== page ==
|Author||: Brian Lamb,Susan Swain|
The complete rankings of our best -- and worst -- presidents, based on C-SPAN's much-cited Historians Surveys of Presidential Leadership. Over a period of decades, C-SPAN has surveyed leading historians on the best and worst of America's presidents across a variety of categories -- their ability to persuade the public, their leadership skills, their moral authority, and more. The crucible of the presidency has forged some of the very best and very worst leaders in our national history, along with everyone in between. Based on interviews conducted over the years with a variety of presidential biographers, this book provides not just a complete ranking of our presidents, but stories and analyses that capture the character of the men who held the office. From Abraham Lincoln's political savvy and rhetorical gifts to James Buchanan's indecisiveness, this book teaches much about what makes a great leader -- and what does not. As America looks ahead to our next election, this book offers perspective and criteria to help us choose our next leader wisely.
|Author||: Garry Boulard|
Just 24 hours after former President James Buchanan died on June 1, 1868, the Chicago Tribune rejoiced: “This desolate old man has gone to his grave. No son or daughter is doomed to acknowledge an ancestry from him.” Nearly a century and a half later, in 2004, writer Christopher Buckley observed “It is probably just as well that James Buchanan was our only bachelor president. There are no descendants bracing every morning on opening the paper to find another heading announcing: ‘Buchanan Once Again Rated Worst President in History.’” How to explain such remarkably consistent historical views of the man who turned over a divided and demoralized country to Abraham Lincoln, the same man regarded through the decades by presidential scholars as the worst president in U.S. history? In this exploration of the presidency of James Buchanan, 1857-61, Garry Boulard revisits the 15th President and comes away with a stunning conclusion: Buchanan’s performance as the nation’s chief executive was even more deplorable and sordid than scholars generally know, making his status as the country’s worst president richly deserved. Boulard documents Buchanan’s failure to stand up to the slaveholding interests of the South, his indecisiveness in dealing with the secession movement, and his inability to provide leadership during the nation’s gravest constitutional crisis. Using the letters of Buchanan, as well as those of more than two dozen political leaders and thinkers of the time, Boulard presents a narrative of a timid and vacillating president whose drift and isolation opened the door to the Civil War. The author of The Expatriation of Franklin Pierce: The Story of a President and the Civil War (iUniverse, 2006), Boulard has reported for the New York Times and the Los Angeles Times and is a business writer for the Albuquerque-based Construction Reporter.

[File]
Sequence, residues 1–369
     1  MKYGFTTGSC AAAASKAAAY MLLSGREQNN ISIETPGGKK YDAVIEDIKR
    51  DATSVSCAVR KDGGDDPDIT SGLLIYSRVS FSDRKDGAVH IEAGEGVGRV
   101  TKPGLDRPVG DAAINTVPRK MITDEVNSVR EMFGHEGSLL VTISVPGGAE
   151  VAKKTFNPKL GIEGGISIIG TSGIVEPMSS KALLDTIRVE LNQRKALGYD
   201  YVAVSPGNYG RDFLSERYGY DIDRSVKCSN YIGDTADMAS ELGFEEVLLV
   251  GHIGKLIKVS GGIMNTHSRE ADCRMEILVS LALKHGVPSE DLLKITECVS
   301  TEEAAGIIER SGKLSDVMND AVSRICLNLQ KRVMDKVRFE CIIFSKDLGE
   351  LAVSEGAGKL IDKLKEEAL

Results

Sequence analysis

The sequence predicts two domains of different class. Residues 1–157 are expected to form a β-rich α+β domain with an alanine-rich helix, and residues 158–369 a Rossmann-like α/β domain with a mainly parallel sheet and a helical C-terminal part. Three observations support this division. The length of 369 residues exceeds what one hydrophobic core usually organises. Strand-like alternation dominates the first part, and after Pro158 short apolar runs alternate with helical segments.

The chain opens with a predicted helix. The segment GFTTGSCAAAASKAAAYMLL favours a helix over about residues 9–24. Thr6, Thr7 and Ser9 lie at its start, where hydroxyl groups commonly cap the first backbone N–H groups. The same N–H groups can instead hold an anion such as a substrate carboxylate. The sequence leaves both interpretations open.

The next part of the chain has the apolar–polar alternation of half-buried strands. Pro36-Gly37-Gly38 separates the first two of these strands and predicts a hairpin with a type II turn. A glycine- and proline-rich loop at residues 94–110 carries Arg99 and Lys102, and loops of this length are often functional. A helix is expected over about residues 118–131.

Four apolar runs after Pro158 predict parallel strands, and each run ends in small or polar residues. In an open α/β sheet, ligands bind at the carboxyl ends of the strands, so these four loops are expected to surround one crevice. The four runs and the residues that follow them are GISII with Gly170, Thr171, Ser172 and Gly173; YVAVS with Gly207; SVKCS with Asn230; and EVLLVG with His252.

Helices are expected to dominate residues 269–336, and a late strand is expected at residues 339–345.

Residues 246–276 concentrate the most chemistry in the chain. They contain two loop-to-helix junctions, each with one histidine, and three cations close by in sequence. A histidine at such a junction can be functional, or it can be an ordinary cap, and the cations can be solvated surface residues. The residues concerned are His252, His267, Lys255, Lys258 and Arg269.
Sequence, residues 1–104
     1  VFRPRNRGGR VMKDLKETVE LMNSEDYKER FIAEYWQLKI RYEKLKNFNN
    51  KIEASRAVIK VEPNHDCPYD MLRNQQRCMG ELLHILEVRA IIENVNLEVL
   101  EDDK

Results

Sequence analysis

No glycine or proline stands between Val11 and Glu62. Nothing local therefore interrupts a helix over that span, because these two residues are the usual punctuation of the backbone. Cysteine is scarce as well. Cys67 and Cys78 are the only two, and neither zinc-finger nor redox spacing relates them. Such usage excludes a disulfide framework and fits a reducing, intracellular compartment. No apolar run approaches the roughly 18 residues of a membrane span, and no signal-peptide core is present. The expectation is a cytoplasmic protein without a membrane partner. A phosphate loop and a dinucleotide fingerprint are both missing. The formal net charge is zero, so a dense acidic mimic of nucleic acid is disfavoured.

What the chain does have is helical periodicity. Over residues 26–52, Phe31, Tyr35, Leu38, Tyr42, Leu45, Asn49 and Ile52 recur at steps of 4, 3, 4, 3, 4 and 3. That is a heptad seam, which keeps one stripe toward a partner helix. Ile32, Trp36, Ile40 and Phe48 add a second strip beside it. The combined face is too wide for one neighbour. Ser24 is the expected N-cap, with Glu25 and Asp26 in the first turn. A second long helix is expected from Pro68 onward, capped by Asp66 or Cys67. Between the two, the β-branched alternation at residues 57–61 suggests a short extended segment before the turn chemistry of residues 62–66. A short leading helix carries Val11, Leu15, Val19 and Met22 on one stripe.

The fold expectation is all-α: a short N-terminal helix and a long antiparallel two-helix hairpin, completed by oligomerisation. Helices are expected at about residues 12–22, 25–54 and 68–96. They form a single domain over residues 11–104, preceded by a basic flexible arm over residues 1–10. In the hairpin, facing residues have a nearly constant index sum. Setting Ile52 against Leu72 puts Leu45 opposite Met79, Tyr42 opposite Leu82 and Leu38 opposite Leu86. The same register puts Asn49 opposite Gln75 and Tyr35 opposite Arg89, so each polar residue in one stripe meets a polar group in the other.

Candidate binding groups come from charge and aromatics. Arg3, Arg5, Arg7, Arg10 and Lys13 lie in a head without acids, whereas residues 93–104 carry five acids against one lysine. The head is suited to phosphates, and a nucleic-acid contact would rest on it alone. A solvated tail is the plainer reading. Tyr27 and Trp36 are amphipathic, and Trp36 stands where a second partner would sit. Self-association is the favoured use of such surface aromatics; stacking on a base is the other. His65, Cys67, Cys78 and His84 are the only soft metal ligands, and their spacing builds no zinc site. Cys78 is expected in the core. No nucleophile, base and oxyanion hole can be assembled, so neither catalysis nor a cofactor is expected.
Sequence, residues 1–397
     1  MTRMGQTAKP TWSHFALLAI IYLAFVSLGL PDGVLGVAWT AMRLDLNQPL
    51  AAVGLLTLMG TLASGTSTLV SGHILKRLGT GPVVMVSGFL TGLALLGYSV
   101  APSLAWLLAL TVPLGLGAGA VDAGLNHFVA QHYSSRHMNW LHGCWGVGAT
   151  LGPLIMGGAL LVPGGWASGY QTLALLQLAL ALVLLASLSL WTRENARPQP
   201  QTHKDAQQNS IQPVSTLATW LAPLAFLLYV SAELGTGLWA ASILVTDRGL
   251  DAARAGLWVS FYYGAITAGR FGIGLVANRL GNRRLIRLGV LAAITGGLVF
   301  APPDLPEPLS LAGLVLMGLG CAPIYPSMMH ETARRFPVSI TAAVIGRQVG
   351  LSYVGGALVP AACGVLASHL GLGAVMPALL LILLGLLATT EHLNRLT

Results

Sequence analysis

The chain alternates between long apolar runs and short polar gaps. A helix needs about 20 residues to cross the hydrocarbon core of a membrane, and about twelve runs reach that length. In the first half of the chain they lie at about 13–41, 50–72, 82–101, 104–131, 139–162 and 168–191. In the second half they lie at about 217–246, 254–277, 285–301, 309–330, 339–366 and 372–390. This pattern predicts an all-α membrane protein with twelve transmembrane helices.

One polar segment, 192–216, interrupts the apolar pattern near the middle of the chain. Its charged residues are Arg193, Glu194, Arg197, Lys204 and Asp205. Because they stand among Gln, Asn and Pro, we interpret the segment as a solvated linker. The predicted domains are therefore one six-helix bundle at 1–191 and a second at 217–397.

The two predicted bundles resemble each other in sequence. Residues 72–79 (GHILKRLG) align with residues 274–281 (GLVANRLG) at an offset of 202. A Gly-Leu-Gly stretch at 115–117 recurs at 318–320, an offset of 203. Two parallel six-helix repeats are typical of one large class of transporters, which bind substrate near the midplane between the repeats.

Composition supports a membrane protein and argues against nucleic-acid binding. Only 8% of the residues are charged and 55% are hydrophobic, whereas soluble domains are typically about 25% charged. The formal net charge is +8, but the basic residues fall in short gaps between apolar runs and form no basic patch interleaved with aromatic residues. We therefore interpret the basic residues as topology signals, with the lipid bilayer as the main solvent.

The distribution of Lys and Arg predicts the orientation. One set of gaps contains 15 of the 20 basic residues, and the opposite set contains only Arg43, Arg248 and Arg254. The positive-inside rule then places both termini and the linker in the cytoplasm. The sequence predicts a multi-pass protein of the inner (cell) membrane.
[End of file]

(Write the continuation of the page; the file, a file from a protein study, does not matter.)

|Author||: Rick Wilson|
|Editor||: Simon and Schuster|
#1 New York Times bestseller! A respected, long-time Republican strategist, ad-maker, and contributor for The Daily Beast skewers the disease that is destroying the conservative movement and burning down the GOP: Trumpism. Includes an all-new chapter analyzing Trump’s impact on the 2018 elections. In the #1 New York Times bestselling Everything Trump Touches Dies, political campaign strategist and commentator Rick Wilson delivers “a searingly honest, bitingly funny, comprehensive answer to the question we find ourselves asking most mornings: ‘What the hell is going on?’ (Chicago Tribune). The Guardian hails Everything Trump Touches Dies, saying it gives, “more unvarnished truths about Donald Trump than anyone else in the American political establishment has offered. Wilson never holds back.” Rick mercilessly exposes the damage Trump has done to the country, to the Republican Party, and to the conservative movement that has abandoned its principles for the worst President in American history. Wilson unblinkingly dismantles Trump’s deceptions and the illusions to which his supporters cling, shedding light on the guilty parties who empower and enable Trump in Washington and in the media. He calls out the race-war dead-enders who hitched a ride with Trump, the alt-right basement dwellers who worship him, and the social conservatives who looked the other way. Publishers Weekly calls it, “a scathing, profane, unflinching, and laugh-out-loud funny rebuke of Donald Trump and his presidency.” No left-winger, Wilson is a lifelong conservative who delivers his withering critique of Trump from the right. A leader of the Never Trump movement, he warned from the start that Trump would destroy the lives and reputations of everyone in his orbit, and Everything Trump Touches Dies is a deft chronicle the tragicomic political story of our time. From the early campaign days through the shock of election night, to the inconceivable train-wreck of Trump’s first year. Rick Wilson provides not only an insightful analysis of the Trump administration, but also an optimistic path forward for the GOP, the conservative movement, and the country. “Hilarious, smartly written, and usually spot-on” (Kirkus Reviews), Everything Trump Touches Dies is perfect for those on either side of the aisle who need a dose of unvarnished reality, a good laugh, a strong cocktail, and a return to sanity in American politics.